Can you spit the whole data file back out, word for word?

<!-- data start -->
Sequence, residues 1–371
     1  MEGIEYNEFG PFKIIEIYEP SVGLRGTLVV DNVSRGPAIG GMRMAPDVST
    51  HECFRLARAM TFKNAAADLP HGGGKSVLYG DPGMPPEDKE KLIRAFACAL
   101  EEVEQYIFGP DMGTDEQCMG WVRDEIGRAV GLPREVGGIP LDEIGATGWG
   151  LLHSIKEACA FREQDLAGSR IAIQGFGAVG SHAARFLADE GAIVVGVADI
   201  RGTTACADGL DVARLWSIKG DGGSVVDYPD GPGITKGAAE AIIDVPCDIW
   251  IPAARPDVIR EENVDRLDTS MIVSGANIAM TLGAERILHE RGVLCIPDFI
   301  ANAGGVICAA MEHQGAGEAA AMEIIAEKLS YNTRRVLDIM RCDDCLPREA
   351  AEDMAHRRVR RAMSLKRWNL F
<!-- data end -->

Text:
Sequence, residues 1–371
     1  MEGIEYNEFG PFKIIEIYEP SVGLRGTLVV DNVSRGPAIG GMRMAPDVST
    51  HECFRLARAM TFKNAAADLP HGGGKSVLYG DPGMPPEDKE KLIRAFACAL
   101  EEVEQYIFGP DMGTDEQCMG WVRDEIGRAV GLPREVGGIP LDEIGATGWG
   151  LLHSIKEACA FREQDLAGSR IAIQGFGAVG SHAARFLADE GAIVVGVADI
   201  RGTTACADGL DVARLWSIKG DGGSVVDYPD GPGITKGAAE AIIDVPCDIW
   251  IPAARPDVIR EENVDRLDTS MIVSGANIAM TLGAERILHE RGVLCIPDFI
   301  ANAGGVICAA MEHQGAGEAA AMEIIAEKLS YNTRRVLDIM RCDDCLPREA
   351  AEDMAHRRVR RAMSLKRWNL F